Decided: March 25, 2013
Charlotte McCauley appealed the district court’s dismissal of her state law claims against Home Loan Investment Bank, F.S.B. (Home Loan) and Deutsche Bank National Trust Company (Deutsche Bank). The district court held that McCauley’s claims were preempted by the Home Owners’ Loan Act (“HOLA”). The Fourth Circuit Court of Appeals affirmed in part, revered in part, and remanded for further proceedings.
In 2001, McCauley bought a home in West Virginia under an installment sales contract. In 2006, McCauley paid off the installment sales contract with financing from Ocean Bank, F.S.B. (Ocean Bank). According to McCauley, the Ocean Bank appraiser falsely represented the value of the home as $51,000 or more, when it was actually worth approximately $35,700. Based on its assessment, Ocean Bank loaned McCauley $51,000. McCauley further alleged that during the loan closing, she received inadequate explanation of the closing documents. McCauley’s initial interest rate was 9.4 percent, but the loan was actually an adjustable rate mortgage that allowed the interest rate to “explode” to 15.49 percent. Because of the high interest rate, McCauley struggled with her loan payments and ultimately declared bankruptcy in 2010. Subsequently, McCauley sued Home Loan, the successor in interest to Ocean Bank, in West Virginia state court on the grounds of unconscionability and fraud. McCauley argued that the mortgage contract was unconscionable for the following reasons: the closing was hurried and conducted with inadequate explanation, the loan was induced by an inflated appraisal, and the loan’s terms were substantively unfair. Also, McCauley argued that Ocean Bank committed fraud by misrepresenting the market value of her property for the purpose of inducing her into the mortgage contract. At trial, the district court dismissed McCauley’s claims on the ground that they were preempted by HOLA. McCauley then filed a timely appeal.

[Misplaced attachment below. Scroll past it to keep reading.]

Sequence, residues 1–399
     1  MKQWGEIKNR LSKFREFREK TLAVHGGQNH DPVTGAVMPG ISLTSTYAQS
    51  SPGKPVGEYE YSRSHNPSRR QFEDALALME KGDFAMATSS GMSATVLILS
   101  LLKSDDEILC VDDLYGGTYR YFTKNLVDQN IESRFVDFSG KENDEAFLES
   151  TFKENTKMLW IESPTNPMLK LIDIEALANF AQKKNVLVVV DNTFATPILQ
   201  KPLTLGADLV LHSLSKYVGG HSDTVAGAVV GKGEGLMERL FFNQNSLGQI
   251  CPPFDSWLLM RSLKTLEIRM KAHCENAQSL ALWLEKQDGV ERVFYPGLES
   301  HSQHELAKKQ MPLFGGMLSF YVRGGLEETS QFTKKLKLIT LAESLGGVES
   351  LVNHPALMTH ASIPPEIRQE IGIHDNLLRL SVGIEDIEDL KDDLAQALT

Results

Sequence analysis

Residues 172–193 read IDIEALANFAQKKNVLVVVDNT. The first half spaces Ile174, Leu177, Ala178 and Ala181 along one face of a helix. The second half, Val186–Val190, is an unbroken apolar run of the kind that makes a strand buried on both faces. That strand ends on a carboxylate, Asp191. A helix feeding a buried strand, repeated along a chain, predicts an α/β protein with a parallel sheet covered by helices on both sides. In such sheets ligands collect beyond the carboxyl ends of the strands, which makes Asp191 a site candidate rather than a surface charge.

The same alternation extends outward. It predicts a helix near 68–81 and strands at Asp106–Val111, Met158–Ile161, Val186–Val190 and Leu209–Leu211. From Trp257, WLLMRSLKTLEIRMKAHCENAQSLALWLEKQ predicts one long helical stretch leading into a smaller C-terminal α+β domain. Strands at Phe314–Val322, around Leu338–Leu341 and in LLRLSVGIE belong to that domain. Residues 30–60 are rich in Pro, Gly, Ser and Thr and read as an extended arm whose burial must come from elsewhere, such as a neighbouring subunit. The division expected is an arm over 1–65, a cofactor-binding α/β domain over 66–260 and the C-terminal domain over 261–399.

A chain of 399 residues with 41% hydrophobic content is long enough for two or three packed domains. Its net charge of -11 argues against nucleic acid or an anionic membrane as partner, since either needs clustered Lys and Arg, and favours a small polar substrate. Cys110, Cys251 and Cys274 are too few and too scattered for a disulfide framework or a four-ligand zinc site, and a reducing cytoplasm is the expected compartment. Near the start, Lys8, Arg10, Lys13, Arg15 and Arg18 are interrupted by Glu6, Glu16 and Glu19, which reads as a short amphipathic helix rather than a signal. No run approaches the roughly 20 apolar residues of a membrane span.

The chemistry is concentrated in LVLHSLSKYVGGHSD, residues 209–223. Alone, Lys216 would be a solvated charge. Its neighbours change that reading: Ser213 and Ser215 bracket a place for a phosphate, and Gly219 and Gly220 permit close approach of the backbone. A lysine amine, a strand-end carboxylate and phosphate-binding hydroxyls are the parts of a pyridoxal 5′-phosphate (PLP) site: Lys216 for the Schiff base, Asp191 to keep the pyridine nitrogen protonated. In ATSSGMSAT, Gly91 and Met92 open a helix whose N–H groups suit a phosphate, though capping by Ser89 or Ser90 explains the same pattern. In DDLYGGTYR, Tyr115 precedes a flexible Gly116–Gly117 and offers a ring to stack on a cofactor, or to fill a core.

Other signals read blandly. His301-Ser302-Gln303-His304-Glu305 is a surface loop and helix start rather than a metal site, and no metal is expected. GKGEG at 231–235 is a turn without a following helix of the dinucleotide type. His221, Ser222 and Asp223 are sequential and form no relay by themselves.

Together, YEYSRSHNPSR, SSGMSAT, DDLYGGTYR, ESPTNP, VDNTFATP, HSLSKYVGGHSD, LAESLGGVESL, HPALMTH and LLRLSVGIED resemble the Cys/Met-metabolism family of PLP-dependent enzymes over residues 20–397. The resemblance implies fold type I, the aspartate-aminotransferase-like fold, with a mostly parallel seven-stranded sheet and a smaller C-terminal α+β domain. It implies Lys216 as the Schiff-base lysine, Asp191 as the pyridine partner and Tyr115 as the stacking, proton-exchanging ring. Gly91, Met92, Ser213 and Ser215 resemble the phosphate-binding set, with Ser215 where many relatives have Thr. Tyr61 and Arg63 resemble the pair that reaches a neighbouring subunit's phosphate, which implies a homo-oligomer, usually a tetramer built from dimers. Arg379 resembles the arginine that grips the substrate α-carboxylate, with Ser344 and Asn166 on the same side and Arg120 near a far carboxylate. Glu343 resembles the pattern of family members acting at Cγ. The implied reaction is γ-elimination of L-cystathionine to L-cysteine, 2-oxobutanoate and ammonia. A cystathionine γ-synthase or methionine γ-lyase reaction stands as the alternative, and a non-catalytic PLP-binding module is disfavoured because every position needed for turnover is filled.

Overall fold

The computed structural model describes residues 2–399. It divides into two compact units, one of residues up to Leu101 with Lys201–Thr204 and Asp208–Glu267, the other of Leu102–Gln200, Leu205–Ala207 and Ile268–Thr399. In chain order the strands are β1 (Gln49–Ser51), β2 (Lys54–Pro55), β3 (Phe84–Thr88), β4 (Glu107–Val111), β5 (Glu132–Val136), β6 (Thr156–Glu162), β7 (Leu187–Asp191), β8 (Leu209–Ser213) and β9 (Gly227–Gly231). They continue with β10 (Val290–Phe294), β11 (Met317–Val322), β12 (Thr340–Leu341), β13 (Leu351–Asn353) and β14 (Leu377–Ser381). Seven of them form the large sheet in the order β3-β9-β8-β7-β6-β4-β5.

The Fourth Circuit explained that under HOLA’s implementing regulation, certain types of laws are specifically preempted. The district court analyzed each aspect of McCauley’s unconscionability claim—the hurried closing, the inducement by inflated appraisal, the disparity between the size of the loan, and the value of the home—and found that each was of the nature of the laws specifically preempted under HOLA. McCauley argued that if the district court had analyzed her unconscionability claim as a whole instead in pieces, it would have determined that it was not preempted under HOLA. The Fourth Circuit disagreed and held that HOLA’s framework requires an analysis of each component of a plaintiff’s claim. Therefore, the court found that McCauley’s unconscionability allegations were specifically preempted.
Despite its ruling on the unconscionable claim, the court found that McCauley’s fraud claim was not preempted under HOLA. The court first found that intentional misrepresentation is not specifically preempted. Under the HOLA framework, however, a law can still be preempted if it “affects lending.” The court held that intentional misrepresentation only incidentally affects lending, and therefore, it reversed the district court’s dismissal of McCauley’s fraud claim.